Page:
Skip to main content Accessibility help
×
Home

Pharmacological treatment of violence in schizophrenia

Published online by Cambridge University Press:  25 July 2019


Martin T. Strassnig
Affiliation:
Department of Psychiatry, University of Miami, Miami, FL, USA
Vanessa Nascimento
Affiliation:
University of Miami, Miller School of Medicine, Miami, FL, USA
Elizabeth Deckler
Affiliation:
University of Miami, Miller School of Medicine, Miami, FL, USA
Philip D. Harvey
Affiliation:
Department of Psychiatry, University of Miami, Miami, FL, USA Bruce W. Carter VA Medical Center, Miami, FL, USA.
Corresponding
E-mail address:

Abstract

Chronic aggression and violence in schizophrenia are rare, but receive disproportionate negative media coverage. This contributes to the stigma of mental illness and reduces accessibility to mental health services. Substance Use Disorders (SUD), antisocial behavior, non-adherence and recidivism are known risk factors for violence. Treatment with antipsychotic medication can reduce violence. Aside from clozapine, long-acting injectable antipsychotics (LAI) appear to be superior to oral antipsychotics for preventing violence, addressing adherence and recidivism. LAI also facilitate the implementation of functional skills training. For the high-risk recidivist target population with schizophrenia, better life skills have the potential to also reduce the risk for contact with the legal system, including an improved ability to live independently in supported environments and interact appropriately with others. High-risk patients who are resistant to treatment with other antipsychotics should receive treatment with clozapine due to its direct positive effects on impulsive violence, along with a reduction in comorbid risk factors such as SUDs.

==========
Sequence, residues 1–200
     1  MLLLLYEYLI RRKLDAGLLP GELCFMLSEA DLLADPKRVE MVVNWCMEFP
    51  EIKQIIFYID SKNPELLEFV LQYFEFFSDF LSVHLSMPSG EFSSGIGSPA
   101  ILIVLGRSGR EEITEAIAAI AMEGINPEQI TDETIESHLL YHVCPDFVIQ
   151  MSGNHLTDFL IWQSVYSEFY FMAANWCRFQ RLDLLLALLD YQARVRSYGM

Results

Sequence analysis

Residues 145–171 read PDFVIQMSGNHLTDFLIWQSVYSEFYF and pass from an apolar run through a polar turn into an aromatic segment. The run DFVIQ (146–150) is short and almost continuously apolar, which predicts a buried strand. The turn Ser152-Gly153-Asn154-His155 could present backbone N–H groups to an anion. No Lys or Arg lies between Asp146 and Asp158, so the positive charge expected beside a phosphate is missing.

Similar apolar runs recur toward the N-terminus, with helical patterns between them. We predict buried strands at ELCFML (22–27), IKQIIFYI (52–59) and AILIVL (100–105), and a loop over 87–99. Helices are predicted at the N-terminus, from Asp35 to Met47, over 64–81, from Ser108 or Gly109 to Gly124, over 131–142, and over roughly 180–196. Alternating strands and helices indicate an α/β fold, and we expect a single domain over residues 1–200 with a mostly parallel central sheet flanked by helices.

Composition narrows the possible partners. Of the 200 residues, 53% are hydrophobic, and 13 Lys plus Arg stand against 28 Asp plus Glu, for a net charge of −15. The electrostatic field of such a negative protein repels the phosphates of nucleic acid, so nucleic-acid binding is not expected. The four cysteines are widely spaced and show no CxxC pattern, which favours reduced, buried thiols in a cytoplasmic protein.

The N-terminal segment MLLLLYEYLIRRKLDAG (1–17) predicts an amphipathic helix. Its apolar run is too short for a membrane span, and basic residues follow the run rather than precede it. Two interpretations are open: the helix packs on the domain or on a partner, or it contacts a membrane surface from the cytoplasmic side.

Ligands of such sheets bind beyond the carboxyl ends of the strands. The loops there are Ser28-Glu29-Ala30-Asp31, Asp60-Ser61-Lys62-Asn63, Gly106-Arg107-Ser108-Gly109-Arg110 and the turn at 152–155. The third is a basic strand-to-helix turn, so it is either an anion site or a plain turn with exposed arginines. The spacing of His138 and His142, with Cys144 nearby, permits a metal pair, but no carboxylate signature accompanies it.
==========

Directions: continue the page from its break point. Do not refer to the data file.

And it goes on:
Type
Review
Copyright
© Cambridge University Press 2019

Access options

Get access to the full version of this content by using one of the access options below.

References

Citrome, L, Volavka, J. The psychopharmacology of violence: making sensible decisions. CNS Spectr. 2014; 19(5): 411418.CrossRefGoogle ScholarPubMed
Meyer, JM, Cummings, MA, Proctor, G, et al.Psychopharmacology of persistent violence and aggression. Psychiatr Clin North Am. 2016; 39(4): 541556.CrossRefGoogle ScholarPubMed
Fazel, S, Gulati, G, Linsell, L, et al.Schizophrenia and violence: systematic review and meta-analysis. PLoS Med. 2009; 6(8): e1000120.CrossRefGoogle ScholarPubMed
Witt, K, van Dorn, R, Fazel, S. Risk factors for violence in psychosis: systematic review and meta-regression analysis of 110 studies. PLoS One. 2013; 8(2): e55942.CrossRefGoogle ScholarPubMed
Sariaslan, A, Lichtenstein, P, Larsson, H, et al.Triggers for violent criminality in patients with psychotic disorders. JAMA Psychiatry. 2016; 73(8): 796803.CrossRefGoogle ScholarPubMed
Torrey, EF. Stigma and violence: isn’t it time to connect the dots? Schizophr Bull. 2011; 37(5): 892896.CrossRefGoogle ScholarPubMed
Bhavsar, V, Bhugra, D. Violence towards people with mental illness: assessment, risk factors, and management. Psychiatry Clin Neurosci. 2018; 72(11): 811820.CrossRefGoogle ScholarPubMed